The odyssey of the mono-monikered Rodriguez (first name Sixto) is one of those intriguing tales of the music racket. The son of Mexican immigrants, he was born and raised in Detroit. Emerging as a young adult in 1960s Motor City, he sponged up the gestalt of turmoil and spat out brilliant songs in blunt language about dope dealers (“Sugar Man”) and urban rot (“Inner City Blues”) and even an empathetic-but-stern dress-down of Janis Joplin before she self-evaporated (“Like Janis”). His classic 1970 debut album, Cold Fact, is packed with these powerful mini-novelas, Rodriguez’s subtle Latin rhythms, stark and soulful voice, and baroque post-Pepper production. It’s a stunning work, equally so because it didn’t catch on (except in South Africa — but that’s another story). Light in the Attic Records reissued Cold Fact this year, giving rock critics apoplexy. Who the hell is this guy, and why haven’t we heard him before? Despite rumors of his demise, both he and his mojo are still workin’, and tonight’s show comes highly recommended. (Michael Simmons)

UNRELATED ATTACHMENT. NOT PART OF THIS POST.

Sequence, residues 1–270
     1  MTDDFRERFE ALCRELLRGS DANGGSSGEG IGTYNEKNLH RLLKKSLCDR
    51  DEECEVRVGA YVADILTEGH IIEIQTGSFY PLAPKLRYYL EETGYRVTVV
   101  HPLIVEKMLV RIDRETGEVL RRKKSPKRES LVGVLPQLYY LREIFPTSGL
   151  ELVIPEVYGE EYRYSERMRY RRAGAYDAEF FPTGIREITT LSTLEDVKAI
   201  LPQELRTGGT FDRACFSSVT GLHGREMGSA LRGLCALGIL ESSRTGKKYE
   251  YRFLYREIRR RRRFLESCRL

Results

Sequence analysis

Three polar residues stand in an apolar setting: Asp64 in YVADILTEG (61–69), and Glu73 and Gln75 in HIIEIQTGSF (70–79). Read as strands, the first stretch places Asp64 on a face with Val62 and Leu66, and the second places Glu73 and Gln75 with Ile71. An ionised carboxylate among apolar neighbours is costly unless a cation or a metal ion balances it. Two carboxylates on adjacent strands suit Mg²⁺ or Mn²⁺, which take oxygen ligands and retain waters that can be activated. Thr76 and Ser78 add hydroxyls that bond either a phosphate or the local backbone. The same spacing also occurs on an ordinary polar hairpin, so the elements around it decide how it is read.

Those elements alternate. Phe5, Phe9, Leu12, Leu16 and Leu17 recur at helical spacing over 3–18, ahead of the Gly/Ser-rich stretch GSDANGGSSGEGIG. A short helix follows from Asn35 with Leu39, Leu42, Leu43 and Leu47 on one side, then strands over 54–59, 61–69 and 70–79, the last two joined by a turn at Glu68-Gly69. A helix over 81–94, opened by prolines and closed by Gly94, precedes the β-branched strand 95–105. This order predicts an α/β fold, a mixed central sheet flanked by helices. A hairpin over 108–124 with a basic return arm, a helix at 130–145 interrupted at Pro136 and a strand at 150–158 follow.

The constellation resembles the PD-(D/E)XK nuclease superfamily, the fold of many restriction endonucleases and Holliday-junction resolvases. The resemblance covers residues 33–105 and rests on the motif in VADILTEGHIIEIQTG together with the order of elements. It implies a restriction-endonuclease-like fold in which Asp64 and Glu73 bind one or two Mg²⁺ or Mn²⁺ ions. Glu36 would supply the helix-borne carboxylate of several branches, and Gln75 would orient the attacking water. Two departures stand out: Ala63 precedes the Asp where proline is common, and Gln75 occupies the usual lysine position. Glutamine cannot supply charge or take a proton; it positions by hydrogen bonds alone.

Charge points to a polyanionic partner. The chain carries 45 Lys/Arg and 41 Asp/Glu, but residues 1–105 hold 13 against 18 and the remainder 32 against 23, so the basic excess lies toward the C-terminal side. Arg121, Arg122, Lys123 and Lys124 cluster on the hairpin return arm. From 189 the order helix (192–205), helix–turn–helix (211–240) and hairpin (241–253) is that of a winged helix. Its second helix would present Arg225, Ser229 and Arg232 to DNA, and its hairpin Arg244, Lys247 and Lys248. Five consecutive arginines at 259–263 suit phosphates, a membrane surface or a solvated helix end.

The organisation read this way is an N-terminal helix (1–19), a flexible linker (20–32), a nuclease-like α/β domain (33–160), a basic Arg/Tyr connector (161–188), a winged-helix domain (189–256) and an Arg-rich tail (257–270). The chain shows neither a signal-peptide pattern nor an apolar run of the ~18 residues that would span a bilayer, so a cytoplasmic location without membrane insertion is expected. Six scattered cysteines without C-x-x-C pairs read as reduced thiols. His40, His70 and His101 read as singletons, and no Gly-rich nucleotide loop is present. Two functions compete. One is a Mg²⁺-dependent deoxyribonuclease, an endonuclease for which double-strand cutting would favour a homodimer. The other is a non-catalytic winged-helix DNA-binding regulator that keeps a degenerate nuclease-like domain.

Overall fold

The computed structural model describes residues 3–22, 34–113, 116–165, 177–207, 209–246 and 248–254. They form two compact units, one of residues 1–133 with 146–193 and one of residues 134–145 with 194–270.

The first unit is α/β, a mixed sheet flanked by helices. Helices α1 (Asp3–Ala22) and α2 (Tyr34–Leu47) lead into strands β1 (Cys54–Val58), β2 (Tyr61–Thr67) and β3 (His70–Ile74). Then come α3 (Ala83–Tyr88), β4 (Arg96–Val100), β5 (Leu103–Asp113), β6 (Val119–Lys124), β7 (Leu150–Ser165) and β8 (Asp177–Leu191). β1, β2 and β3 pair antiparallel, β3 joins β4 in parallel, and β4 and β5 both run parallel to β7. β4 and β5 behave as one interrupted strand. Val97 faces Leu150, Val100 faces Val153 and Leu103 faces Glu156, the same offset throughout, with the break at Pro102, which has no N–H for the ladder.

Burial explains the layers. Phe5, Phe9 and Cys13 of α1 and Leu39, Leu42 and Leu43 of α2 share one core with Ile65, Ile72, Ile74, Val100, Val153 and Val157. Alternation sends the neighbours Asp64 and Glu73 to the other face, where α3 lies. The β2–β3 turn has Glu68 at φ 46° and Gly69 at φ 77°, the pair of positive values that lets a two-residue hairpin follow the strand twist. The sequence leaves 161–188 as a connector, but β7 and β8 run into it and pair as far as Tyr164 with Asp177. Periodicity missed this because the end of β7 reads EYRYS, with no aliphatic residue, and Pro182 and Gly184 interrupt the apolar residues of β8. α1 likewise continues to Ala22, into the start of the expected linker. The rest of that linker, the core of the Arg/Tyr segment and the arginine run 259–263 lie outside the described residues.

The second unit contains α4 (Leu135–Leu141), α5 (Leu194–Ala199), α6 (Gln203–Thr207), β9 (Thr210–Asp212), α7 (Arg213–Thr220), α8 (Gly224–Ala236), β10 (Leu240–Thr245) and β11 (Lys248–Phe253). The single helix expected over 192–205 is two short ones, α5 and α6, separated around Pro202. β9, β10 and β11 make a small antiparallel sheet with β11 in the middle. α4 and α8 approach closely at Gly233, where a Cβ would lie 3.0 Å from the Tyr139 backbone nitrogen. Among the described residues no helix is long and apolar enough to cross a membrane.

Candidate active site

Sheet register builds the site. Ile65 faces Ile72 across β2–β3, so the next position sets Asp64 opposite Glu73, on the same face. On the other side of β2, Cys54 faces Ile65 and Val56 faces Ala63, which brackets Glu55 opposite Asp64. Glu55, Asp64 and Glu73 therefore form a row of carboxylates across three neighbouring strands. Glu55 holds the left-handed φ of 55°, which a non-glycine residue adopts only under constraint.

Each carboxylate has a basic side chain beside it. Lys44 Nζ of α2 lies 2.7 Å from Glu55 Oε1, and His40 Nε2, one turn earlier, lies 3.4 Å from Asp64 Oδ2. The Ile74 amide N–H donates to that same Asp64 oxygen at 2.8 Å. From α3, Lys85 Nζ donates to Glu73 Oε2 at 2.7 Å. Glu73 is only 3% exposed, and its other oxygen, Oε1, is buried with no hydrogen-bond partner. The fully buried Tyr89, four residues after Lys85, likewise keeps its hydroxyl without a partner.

Lucinda Williams at the Wiltern